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Communities exerted pressure on people to form pair-bonds in places such as Europe; in China, society "demanded people get married before having a sexual relationship" and many societies found that some formally recognized bond between a man and a woman was the best way of rearing and educating children as well as helping to avoid conflicts and misunderstandings regarding competition for mates.Generally, during much of recorded history of humans in civilization, and into the Middle Ages in Europe, weddings were seen as business arrangements between families, while romance was something that happened outside of marriage discreetly, such as covert meetings.Dating as an institution is a relatively recent phenomenon which has mainly emerged in the last few centuries.From the standpoint of anthropology and sociology, dating is linked with other institutions such as marriage and the family which have also been changing rapidly and which have been subject to many forces, including advances in technology and medicine.Women eventually won the right to vote in many countries and own property and receive equal treatment by the law, and these changes had profound impacts on the relationships between men and women. In many societies, individuals could decide—on their own—whether they should marry, whom they should marry, and when they should marry.A few centuries ago, dating was sometimes described as a "courtship ritual where young women entertained gentleman callers, usually in the home, under the watchful eye of a chaperone," but increasingly, in many Western countries, it became a self-initiated activity with two young people going out as a couple in public together.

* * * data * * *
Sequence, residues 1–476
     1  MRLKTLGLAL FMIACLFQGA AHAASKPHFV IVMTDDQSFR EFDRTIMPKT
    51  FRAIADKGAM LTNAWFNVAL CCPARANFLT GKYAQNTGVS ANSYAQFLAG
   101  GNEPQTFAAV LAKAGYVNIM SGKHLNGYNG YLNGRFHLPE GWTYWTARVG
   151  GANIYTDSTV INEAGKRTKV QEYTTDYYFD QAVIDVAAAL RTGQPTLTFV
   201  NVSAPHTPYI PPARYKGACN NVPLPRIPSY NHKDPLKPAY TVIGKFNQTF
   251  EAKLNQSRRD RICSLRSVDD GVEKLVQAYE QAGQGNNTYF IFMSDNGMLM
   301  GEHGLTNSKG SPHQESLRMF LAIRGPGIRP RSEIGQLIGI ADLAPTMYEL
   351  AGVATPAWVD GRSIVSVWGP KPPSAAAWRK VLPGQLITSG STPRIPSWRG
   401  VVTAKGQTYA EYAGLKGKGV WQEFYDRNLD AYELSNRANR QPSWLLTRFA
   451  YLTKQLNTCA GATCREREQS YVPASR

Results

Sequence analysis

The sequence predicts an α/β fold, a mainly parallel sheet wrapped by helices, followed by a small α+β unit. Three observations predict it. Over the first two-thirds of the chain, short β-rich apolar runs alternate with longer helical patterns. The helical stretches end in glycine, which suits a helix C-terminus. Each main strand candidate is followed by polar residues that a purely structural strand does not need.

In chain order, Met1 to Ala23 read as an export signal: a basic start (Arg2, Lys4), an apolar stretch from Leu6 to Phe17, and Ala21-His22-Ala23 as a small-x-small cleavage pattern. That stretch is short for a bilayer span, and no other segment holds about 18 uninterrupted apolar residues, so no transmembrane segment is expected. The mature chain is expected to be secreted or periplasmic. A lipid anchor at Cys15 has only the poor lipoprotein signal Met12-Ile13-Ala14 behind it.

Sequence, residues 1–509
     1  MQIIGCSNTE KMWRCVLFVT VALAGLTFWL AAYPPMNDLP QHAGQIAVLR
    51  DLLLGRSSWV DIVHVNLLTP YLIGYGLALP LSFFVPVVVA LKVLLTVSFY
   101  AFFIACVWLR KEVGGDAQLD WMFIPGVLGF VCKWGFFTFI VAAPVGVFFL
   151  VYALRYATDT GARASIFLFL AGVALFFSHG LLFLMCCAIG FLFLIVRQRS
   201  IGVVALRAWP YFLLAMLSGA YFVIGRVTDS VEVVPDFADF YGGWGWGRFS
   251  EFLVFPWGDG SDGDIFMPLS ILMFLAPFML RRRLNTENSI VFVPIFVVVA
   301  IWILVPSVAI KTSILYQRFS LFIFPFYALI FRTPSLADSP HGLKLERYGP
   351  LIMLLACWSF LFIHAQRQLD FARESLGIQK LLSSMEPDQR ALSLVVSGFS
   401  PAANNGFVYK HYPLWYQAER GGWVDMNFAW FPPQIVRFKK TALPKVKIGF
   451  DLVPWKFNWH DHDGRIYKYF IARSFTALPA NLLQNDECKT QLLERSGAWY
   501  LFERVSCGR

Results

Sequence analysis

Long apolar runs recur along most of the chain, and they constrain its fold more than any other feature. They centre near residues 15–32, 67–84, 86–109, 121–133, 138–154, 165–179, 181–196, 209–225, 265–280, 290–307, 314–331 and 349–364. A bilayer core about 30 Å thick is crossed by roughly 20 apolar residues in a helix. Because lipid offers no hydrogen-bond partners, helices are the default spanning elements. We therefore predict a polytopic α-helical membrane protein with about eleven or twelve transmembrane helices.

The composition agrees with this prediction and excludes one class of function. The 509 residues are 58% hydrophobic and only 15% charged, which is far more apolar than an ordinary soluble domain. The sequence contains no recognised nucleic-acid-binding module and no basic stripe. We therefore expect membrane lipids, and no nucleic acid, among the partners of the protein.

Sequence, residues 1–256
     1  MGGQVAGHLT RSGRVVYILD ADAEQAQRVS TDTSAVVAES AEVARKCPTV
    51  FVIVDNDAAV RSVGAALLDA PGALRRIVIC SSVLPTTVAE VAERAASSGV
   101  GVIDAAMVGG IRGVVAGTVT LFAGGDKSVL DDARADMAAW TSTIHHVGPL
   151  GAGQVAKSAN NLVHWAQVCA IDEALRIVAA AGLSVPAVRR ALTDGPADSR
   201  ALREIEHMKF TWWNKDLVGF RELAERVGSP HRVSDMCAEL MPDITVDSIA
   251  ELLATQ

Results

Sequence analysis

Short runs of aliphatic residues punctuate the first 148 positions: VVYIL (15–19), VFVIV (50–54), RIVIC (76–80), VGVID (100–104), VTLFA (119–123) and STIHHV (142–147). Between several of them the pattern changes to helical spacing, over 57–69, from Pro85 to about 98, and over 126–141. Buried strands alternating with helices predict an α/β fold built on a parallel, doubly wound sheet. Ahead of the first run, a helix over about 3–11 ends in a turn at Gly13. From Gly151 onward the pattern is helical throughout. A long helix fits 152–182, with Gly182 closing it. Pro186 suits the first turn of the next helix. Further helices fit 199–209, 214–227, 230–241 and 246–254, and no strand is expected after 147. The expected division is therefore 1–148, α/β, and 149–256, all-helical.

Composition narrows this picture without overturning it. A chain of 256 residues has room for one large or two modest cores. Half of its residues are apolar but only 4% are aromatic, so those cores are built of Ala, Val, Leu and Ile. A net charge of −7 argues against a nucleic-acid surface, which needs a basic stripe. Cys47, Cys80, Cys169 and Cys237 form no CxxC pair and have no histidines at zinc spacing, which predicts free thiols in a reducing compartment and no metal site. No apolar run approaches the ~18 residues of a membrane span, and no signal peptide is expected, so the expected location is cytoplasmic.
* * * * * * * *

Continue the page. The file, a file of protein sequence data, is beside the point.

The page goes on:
There are considerable differences between social and personal values.

Thus, the concept of marriage is changing widely in many countries.

Historically, marriages in most societies were arranged by parents and older relatives with the goal not being love but legacy and "economic stability and political alliances", according to anthropologists.

In the twentieth century, dating was sometimes seen as a precursor to marriage but it could also be considered as an end-in-itself, that is, an informal social activity akin to friendship.

It generally happened in that portion of a person's life before the age of marriage, enabled dates to be arranged without face-to-face contact.

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